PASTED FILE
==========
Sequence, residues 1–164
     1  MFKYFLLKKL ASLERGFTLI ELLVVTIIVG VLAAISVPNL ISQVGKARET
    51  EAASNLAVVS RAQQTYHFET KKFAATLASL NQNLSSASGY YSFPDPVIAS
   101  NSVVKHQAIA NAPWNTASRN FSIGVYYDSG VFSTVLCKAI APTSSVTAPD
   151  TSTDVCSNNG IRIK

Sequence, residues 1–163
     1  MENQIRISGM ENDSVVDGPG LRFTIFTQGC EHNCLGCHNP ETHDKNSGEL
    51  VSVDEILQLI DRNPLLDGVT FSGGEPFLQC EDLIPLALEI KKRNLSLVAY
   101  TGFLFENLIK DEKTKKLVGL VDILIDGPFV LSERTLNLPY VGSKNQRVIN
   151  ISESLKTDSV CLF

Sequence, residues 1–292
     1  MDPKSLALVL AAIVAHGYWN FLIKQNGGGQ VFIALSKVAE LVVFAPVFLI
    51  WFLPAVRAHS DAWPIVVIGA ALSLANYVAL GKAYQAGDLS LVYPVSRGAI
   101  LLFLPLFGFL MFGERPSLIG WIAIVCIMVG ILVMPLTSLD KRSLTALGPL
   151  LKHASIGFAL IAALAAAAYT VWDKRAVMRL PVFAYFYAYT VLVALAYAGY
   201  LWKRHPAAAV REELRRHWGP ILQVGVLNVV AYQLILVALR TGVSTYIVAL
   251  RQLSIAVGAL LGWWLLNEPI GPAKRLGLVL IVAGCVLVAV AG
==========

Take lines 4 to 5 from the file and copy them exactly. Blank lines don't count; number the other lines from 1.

   101  NSVVKHQAIA NAPWNTASRN FSIGVYYDSG VFSTVLCKAI APTSSVTAPD
   151  TSTDVCSNNG IRIK